Labor Pains on the Playing Field: Why Taking a Page from Europe's Playbook Could Help the United States
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Labor Pains on the Playing Field: Why Taking a Page from Europe's Playbook Could Help the United States

  • Author(s): Brice, Trevor E.
  • et al.
Abstract

Work stoppages have become commonplace in American professional

sports. Whether it takes the form of a strike or a lockout, a work

stoppage, or the threat thereof accompanies nearly every labor dispute

between owners and players. This is hardly surprising, though,

because the current system for resolving labor disputes-the National

Labor Relations Act and its implementing body, the National Labor

Relations Board is ill-fitted to the unique challenges posed by sports

labor issues. Additionally, there is no institution tasked with directly

overseeing professional sports in America.

 

The same is not true in Europe. Oversight bodies are common

throughout Europe and help to resolve sports labor disputes before

they turn into full-blown work stoppages. As this Article discusses,

American professional sports need this type of oversight.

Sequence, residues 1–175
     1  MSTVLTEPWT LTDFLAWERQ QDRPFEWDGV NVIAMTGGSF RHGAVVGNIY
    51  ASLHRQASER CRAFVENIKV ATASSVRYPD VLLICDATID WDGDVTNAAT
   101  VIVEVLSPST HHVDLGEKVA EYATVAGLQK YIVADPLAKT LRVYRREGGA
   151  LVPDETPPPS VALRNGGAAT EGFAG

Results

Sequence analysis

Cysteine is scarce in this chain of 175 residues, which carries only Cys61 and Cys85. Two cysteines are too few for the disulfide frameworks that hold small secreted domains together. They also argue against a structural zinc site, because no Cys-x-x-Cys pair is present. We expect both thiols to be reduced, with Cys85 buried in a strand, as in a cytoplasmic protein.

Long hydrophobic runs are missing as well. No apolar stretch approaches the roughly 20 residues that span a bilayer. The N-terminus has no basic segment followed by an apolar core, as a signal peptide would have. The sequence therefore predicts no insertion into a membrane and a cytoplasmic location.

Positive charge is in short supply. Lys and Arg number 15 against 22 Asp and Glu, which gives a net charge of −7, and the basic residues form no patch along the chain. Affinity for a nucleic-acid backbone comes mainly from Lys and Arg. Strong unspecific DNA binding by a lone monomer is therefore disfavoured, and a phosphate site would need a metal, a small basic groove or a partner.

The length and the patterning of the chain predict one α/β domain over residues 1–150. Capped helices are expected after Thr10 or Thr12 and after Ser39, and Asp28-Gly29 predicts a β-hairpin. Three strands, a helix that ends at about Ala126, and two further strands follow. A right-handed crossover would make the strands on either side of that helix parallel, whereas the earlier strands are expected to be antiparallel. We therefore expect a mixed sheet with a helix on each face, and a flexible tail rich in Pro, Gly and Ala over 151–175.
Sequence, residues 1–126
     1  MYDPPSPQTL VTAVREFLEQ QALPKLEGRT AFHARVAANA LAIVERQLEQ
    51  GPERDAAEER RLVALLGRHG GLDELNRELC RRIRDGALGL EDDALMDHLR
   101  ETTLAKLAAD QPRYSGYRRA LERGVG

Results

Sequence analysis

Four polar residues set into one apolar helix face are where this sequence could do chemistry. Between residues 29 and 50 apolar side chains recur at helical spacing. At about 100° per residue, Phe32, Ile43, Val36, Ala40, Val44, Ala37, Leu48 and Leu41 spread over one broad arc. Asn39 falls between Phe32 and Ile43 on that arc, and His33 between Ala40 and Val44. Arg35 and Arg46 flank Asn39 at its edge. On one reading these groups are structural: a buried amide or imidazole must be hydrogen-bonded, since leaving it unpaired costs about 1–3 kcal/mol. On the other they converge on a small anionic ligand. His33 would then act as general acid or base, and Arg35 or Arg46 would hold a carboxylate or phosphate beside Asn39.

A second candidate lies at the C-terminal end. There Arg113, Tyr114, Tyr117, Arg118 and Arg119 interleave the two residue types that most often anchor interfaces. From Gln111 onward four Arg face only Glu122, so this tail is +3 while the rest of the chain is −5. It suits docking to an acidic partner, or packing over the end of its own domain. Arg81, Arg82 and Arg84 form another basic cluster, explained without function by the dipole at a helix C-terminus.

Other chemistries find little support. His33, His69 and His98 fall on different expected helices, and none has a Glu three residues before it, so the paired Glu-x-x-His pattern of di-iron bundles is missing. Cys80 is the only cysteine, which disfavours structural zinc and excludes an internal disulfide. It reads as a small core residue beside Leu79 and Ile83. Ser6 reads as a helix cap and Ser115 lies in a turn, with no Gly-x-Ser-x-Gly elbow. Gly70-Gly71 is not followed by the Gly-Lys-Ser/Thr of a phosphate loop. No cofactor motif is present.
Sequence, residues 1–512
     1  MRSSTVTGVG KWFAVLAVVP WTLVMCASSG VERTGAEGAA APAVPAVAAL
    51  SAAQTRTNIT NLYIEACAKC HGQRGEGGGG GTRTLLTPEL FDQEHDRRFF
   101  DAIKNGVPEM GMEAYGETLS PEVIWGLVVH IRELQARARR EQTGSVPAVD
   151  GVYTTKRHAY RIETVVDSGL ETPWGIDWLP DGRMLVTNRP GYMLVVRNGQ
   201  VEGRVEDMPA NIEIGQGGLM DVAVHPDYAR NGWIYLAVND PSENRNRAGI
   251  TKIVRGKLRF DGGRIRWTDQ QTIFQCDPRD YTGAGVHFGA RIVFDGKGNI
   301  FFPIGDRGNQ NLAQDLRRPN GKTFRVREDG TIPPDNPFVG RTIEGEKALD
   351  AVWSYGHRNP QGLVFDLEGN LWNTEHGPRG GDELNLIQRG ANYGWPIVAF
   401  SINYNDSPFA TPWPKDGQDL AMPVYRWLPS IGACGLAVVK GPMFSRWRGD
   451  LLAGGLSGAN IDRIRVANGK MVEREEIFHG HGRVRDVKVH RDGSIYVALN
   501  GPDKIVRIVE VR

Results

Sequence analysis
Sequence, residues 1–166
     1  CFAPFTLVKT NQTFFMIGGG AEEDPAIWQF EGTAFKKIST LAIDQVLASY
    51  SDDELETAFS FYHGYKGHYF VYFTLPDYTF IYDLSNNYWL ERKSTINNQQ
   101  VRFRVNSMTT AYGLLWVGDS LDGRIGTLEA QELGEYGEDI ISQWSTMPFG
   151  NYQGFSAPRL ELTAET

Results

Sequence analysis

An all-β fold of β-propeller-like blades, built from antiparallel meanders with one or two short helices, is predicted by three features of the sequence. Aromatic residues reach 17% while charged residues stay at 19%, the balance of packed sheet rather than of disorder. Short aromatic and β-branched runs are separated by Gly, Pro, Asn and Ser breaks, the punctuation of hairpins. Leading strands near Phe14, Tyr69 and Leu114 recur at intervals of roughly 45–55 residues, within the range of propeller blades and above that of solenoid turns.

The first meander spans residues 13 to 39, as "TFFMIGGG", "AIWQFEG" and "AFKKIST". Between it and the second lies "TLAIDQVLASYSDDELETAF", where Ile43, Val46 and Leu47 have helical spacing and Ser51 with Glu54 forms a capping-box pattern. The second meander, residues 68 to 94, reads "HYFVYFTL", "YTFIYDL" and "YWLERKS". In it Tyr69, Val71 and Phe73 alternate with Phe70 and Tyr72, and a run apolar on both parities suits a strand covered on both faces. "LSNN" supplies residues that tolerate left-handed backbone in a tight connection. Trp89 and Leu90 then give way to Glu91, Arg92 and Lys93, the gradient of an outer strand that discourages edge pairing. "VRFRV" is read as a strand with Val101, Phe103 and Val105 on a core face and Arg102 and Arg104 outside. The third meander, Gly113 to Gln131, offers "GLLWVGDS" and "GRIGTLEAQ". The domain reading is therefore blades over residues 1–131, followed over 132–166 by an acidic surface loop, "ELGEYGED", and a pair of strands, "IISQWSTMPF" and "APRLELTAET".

Therefore, this Article advocates a two-tiered approach to solving

American professional sports' culture of frequent work stoppages.

First, the United States should enact new legislation to govern the resolution

of sports labor disputes, as it has already done to regulate labor

disputes in other American industries. Second, the United States

should create a body charged with overseeing professional sports and

implementing this newly-created legislation. By taking these two steps,

the United States can end the pattern of work stoppages that plagues

professional sports labor disputes and provide stability to this critical

American industry.

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